The lowdown (in their own words...)
If the firm were a fictional character it would be...
Newcastle-headquartered Ward Hadaway’s ‘commitment to the north of England’ appeals to trainees, and for those keen to work in the area the firm’s ‘excellent regional reputation’ is bolstered by its ‘large national and international clients’. Respondents report taking on ‘interesting and challenging work’ of ‘great quality’, and some favourite moments so far include ‘attending two trials’, ‘completing my first transaction in property’ and ‘being given claim forms in my employment seat and being allowed to run the claim from start to finish’. Many recent recruits had a relationship with the firm prior to commencing their training contract, indicated by the following feedback: ‘I worked at Ward Hadaway as a paralegal and enjoyed the working environment’, ‘I received a scholarship from the firm during university’ and ‘I did lots of work experience here which I really enjoyed’. This all points to a firm with a ‘great working atmosphere’ that encourages a ‘friendly, open, and supportive culture’. Though trainees are ‘able to give preferences about seats even in the first year’, these aren’t necessarily reflected in seat allocation. ‘Occasional long hours’ can mean ‘dealing with a deadline for a court bundle late at night’ and ‘1.30am finishes’, though the ‘high-quality supervision’ ensures that trainees don’t get stressed out and also aren’t given admin tasks ‘unless absolutely necessary’. There is a feeling that ‘the integration could be better’, as ‘departments are fairly autonomous’ and ‘propagate different cultures across the firm’, however one trainee feels that the latter point has its advantages in catering for ‘different trainee personalities’. To train at a ‘well-respected firm’ which can offer ‘great exposure to good quality work and clients’, apply to Ward Hadaway.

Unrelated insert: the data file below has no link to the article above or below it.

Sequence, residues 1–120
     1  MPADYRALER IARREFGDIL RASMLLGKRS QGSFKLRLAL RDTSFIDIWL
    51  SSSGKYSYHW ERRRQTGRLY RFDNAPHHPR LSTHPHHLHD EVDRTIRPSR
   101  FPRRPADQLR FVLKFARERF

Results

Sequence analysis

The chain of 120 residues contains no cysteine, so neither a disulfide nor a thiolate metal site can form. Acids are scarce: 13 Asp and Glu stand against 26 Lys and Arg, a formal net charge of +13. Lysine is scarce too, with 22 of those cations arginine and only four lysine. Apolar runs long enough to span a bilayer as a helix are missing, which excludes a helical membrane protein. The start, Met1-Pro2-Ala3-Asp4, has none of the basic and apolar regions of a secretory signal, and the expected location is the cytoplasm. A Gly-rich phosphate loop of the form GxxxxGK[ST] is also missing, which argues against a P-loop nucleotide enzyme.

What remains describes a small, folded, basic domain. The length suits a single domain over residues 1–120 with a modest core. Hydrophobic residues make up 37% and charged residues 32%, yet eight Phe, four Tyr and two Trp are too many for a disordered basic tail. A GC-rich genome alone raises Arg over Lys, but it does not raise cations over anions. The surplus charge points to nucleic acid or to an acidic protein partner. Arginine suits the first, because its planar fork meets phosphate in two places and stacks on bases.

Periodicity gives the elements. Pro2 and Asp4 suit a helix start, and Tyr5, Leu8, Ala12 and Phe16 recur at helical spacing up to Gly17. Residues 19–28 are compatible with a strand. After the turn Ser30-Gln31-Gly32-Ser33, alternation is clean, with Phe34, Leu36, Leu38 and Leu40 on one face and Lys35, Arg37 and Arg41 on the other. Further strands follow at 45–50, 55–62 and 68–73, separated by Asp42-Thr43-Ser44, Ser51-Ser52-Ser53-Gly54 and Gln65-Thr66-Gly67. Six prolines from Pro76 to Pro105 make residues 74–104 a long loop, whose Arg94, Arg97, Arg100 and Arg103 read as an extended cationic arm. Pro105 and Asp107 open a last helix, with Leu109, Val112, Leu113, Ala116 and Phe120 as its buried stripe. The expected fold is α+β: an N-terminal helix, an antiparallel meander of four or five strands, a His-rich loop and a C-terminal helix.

A day in the life of...
Michelle Fleming trainee
My day starts at 8.00am as I am attending the Ward Hadaway employment breakfast seminar. As a trainee in the employment team, I assist the team by greeting clients who attend the seminar. Earlier in the week, I helped prepare the presentation for the seminar by reading numerous judgments and creating a slide show. Seminars are a really good way for me to gain networking experience, as well as being able to observe the presentation skills of the team that has been doing it for many years.
Once the seminar is over I go to my desk, we are having a 'Bake Off' competition in the team so I have a mid-morning slice of cake before discussing a new claim with my supervisor. Our client made a flexible working request after maternity leave but it was refused and she was unable to go back to work. She initially hoped that she may have a claim for unfair dismissal but it becomes apparent that she also has a sex discrimination claim.
The client’s dates of employment aren't clear so my supervisor suggests that I call the client to confirm. I make the call to the client and introduce myself. Making the call is a great opportunity to create a relationship with the client and I give her my contact details should she wish to discuss anything else. My next task is to draft the claim form. It is important that the claim form puts our best case forward, so I must ensure that I don’t miss anything. It is the first time I have drafted a claim so it is great drafting experience and to help my supervisor provides me with examples of claim forms he has done previously to help me with the format.
At midday I give my first draft of the claim form to my supervisor for review and then go to lunch. Newcastle Quayside has an artificial beach in the summer; I sit there with some of the other trainees. Being able to put your feet in the sand at lunch is quite unique!
I return to the office at 1.00pm and attend a client meeting with one of the partners. While I have one supervising partner, I tend to assist anyone that I can within the team, which gives me a broad variety of work. I am regularly invited to client meetings or tribunal hearings to gain experience.